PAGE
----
After a crit with Richard Mulhearn, he advised that I should read the introduction to a book called Photographs Objects Histories: On the Materiality of Images by Elizabeth Edwards and Janice Hart. This isa book i was first advised to read in my second year and never found the time to do it but I am glad I took the time to do it this time around.
This book discusses photographs as three dimensional images. They have a mass and volume and, as discussed in a quote by Roland Barthes in Camera Lucida at the beginning of the book, they collect dust and finger prints from being handled, glue from being stuck in an album and the images fade over time. This adds to the tactility of the image in itself and therefore gives a different feeling and perspective to the viewer. This book tells you to consider more than just the image that printed when you examine an image but to also look at the photograph as an object to get its full story; the glue and finger prints on an image can tell you that this is a much loved image for example. Even the medium with which we use to view the image can change its narrative, aesthetic qualities and our response to it. Using a computer or a phone to view an image would be significantly different to handling the image or viewing it in a gallery.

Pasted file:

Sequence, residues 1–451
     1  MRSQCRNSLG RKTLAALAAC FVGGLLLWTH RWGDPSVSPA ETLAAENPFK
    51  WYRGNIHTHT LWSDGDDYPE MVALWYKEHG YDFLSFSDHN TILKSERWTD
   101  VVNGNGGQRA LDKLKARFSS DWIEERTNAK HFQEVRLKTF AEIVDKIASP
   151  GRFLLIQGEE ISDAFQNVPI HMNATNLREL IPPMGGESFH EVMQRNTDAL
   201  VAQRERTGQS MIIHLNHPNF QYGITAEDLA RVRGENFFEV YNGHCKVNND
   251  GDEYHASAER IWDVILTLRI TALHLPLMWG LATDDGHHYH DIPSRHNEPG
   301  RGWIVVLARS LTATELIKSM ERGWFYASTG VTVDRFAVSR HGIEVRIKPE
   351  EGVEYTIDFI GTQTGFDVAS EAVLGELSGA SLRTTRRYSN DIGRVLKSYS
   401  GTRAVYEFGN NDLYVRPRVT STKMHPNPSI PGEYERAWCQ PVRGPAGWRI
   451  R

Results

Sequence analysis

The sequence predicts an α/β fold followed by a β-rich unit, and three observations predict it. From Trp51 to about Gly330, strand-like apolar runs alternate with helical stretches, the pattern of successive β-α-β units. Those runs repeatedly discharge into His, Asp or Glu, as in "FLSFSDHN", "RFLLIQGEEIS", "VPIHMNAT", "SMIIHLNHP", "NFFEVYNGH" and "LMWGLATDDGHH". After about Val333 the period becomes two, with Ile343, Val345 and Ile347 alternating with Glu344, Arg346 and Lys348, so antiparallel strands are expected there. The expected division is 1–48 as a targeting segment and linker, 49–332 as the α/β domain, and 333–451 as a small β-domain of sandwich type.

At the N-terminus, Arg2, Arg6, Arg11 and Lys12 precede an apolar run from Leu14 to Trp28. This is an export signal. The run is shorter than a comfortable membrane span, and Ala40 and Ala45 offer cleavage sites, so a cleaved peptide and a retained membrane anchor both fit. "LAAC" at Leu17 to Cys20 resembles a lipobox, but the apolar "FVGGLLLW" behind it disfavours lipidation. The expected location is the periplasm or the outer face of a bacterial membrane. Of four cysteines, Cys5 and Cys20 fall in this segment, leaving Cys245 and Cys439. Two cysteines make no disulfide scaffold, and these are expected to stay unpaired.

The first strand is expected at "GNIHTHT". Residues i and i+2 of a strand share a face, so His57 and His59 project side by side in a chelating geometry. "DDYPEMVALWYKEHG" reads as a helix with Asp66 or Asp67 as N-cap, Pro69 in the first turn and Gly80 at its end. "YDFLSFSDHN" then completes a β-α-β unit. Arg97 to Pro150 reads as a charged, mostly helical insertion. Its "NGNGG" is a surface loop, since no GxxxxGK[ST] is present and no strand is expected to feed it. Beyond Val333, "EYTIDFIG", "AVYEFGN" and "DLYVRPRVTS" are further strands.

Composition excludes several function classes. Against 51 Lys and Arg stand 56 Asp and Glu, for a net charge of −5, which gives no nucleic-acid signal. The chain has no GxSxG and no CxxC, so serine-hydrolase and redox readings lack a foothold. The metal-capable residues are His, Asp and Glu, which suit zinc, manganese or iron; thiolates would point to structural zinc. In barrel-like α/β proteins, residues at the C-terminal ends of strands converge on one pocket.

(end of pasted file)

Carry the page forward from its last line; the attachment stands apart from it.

This is part of the materiality which we must consider when looking at a photograph. As well as the viewing medium we must also consider how the image is printer, if it ever was, and on what format and what chemical process has added or subtracted from our appreciation of it. So it is concluded in the book at the materiality of the image is key to understanding it.
I am still part way through this book but so far it has been an interesting and absorbing read and I will be finishing it in the coming weeks as time allows
Photographs Objects Histories: On the Materiality of Images (Material Cultures). (2004). Routledge.